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Japanese knotweed is the most invasive species of knotweed in the United Kingdom. The pernicious perennial continues to spread throughout the country via its rhizome fragments, causing costly and stressful situations for those liable for the land any infestation is found upon.
Knotweed grows in large patches that can quickly push out any other competing plant life, known to cause damage to property foundations, drainage pipes and even tarmac driveways and paths. Due to the devastating effects the plant carries with it, it now depreciates the value of a property by around 15%.
Japanese Knotweed Hotspots Across The UK
The north west of England, as well as Wales, the Midlands and London are among the worst affected locations. Knotweed Services has seen the following in the last 18 months; Bolton in Greater Manchester recorded 621 outbreaks of the weed over the last year, followed by Bristol, which had 465 infestations; St Helens, with 440; Cardiff, with 419; and Blackburn, with 406.
How To Identify Japanese Knotweed
Japanese Knotweed is frequently misidentified across the UK. Often mistaken for other common weeds, infestations will spread rapidly from hidden underground rhizomes.
The best time to spot Japanese knotweed is in mid-summer or during early autumn. During spring, red tinted shoots appear from the ground and fat, asparagus-like spears rapidly lengthen from bright pink crown buds. Having the ability to grow several cm’s per day, these rapidly form dense stands of bamboo-like stems that further develop green heart or shield-shaped leaves. Click here for a more detailed article on how to identify Japanese Knotweed.
Here’s a detailed list of the tell-tale signs for UK Japanese Knotweed;
- Red tinted shoots emerge around Spring.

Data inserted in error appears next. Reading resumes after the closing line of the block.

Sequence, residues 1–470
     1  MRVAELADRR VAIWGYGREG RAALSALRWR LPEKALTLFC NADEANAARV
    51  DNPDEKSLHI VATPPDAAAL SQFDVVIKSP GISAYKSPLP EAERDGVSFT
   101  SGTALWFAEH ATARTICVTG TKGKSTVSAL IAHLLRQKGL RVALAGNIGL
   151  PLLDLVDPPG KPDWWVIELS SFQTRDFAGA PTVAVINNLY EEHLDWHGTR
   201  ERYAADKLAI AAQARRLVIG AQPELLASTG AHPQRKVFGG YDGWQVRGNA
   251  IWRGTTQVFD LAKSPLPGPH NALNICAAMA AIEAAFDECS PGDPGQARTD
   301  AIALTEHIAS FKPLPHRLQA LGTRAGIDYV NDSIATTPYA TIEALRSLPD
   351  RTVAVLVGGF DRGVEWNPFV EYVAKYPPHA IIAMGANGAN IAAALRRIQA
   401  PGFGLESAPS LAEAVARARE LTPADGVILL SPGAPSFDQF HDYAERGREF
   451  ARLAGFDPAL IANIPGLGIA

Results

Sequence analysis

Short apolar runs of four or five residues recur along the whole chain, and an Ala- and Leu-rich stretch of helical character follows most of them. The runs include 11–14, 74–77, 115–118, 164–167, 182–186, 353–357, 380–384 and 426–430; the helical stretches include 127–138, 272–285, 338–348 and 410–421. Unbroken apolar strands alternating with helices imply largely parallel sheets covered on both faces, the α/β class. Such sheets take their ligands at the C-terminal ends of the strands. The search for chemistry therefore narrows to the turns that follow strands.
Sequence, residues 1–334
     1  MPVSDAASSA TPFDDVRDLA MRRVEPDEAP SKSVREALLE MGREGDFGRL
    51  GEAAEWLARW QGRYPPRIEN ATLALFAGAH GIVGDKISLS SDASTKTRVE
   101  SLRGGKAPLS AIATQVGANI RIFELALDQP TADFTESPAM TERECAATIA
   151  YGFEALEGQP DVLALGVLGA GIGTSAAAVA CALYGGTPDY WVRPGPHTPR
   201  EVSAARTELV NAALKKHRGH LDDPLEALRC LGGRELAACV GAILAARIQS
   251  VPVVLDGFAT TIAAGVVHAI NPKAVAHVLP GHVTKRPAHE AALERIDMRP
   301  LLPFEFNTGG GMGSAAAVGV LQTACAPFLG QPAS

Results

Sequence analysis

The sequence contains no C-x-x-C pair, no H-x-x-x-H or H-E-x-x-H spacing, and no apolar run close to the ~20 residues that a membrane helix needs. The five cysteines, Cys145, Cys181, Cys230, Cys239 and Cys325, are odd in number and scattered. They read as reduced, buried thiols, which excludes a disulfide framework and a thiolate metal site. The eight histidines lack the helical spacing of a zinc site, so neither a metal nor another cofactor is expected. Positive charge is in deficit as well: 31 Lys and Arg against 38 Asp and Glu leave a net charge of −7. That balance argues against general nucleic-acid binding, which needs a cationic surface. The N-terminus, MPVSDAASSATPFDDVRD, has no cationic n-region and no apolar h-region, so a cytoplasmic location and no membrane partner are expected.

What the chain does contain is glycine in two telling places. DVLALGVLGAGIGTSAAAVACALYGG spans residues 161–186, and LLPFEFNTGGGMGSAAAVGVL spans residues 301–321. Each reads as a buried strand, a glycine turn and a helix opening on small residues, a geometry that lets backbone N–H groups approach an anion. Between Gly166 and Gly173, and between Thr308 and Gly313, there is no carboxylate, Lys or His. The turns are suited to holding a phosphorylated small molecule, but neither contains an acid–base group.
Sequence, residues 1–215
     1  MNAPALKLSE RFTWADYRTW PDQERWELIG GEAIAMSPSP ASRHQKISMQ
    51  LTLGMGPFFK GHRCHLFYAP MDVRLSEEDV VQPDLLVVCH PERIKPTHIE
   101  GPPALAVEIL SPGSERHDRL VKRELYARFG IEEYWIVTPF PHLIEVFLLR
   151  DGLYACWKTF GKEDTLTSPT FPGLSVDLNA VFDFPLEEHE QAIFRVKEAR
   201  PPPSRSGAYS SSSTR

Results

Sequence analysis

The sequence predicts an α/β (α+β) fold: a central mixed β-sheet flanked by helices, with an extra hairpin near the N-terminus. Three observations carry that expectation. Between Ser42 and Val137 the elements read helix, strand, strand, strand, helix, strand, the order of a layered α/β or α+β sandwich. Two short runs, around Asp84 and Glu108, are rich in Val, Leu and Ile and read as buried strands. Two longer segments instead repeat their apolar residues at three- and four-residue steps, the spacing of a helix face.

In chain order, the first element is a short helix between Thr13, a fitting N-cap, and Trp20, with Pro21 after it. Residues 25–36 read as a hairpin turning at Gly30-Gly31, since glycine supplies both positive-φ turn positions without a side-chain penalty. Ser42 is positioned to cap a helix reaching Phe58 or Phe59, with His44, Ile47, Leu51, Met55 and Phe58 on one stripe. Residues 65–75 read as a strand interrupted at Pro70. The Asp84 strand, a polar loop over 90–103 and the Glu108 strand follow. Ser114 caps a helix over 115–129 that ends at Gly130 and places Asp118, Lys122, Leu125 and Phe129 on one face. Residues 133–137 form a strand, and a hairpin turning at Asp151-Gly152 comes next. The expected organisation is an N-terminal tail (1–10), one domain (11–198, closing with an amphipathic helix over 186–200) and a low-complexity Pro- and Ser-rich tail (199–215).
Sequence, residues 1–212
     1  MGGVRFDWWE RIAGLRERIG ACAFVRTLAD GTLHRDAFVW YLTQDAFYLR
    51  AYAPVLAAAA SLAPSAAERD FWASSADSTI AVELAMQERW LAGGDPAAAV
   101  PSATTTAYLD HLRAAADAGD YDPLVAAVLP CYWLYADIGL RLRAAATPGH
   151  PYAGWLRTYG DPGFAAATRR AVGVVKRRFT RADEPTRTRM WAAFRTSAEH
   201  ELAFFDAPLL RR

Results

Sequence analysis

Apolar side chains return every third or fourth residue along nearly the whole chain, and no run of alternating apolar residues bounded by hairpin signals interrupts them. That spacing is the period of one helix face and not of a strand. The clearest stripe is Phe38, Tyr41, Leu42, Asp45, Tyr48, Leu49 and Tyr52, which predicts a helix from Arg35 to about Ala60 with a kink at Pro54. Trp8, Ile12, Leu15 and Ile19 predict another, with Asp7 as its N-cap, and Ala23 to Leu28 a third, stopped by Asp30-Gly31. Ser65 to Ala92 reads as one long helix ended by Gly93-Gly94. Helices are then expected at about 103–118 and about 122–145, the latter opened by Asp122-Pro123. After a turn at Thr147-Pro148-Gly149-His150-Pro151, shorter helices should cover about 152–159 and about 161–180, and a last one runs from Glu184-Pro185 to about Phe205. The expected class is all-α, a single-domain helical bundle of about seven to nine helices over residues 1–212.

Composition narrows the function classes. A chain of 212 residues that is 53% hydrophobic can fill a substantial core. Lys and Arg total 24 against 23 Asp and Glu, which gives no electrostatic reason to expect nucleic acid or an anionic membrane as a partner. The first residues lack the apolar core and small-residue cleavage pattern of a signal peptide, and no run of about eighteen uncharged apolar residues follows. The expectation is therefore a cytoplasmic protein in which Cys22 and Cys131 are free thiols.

- In late spring, canes can reach up to 3 metres (10 feet) in height.
- Shield/Heart shaped 20cm long leaves unravel early Summer.
- Hollow bamboo-like canes begin to turn brown in late summer.
- Flowers form in small white clusters from September.
- Throughout the year, Rhizomes or root cluster can be identified by their dark brown exterior and yellow/orange interior.
- Starting in late Spring, leaves grow in a zig-zag staggered pattern on the plants’ stem.
- During Winter, it appears to die back as its leaves turn brown and drop off.
- Throughout winter, stems turn completely brown while the plant’s rhizome network is still thriving below the surface.
Spring (March – April)
Shoots and stems are a purple/red colour with curled pinky reddish leaves. As the canes grow the leaves gradually unfurl and turn green.
Summer (May – August)
Shoots and stems are green with purple speckles. Leaves become heart shaped and turn green.
Autumn (September – October)
Stems are virulent, growing upwards of up to six feet, cream/white flowers appear late summer/autumn.
Winter (November – February)
Stems change to dark brown and are hollow, brittle and absent of leaves or flowers.
If you think you have identified, or even suspect you may have a Japanese knotweed infestation, it’s always recommended to call an expert–someone who knows what they’re doing, like the experts at Knotweed Services.
Most Effective Japanese Knotweed Treatments
Although the plant may seem fiercely undefeatable, with professional help, it can be dealt with. To completely eradicate your Japanese knotweed infestation, there are several options such as herbicide treatment, electrical removal (this has zero negative effect on the environment), excavation, screening – you can find information on all above: click here for commercial removal and here for residential removal to find out more.
For residential removal the plant is typically treated with chemical herbicides over the course of 3 years. This is done through professional-grade glyphosate herbicide application. As a PCA-accredited company that can offer a guarantee — our removal services are trusted by mortgage lenders and any potential buyers.
What is the Law on Japanese Knotweed?
Although it is not illegal for you to have Japanese knotweed on your property, it is against UK law to allow the plant to spread into the wild. The law states you can be prosecuted or given a community protection notice for allowing Japanese Knotweed to spread onto anyone else’s property from your own.
Due to the lack of support from insurance companies for Japanese knotweed eradication, any neighbouring properties that your infestation may spread to will now fall solely under your responsibility to correct. Japanese knotweed can be one of the most expensive headaches your property can throw at you. Stay vigilant and call us if you suspect the weed growing on your property.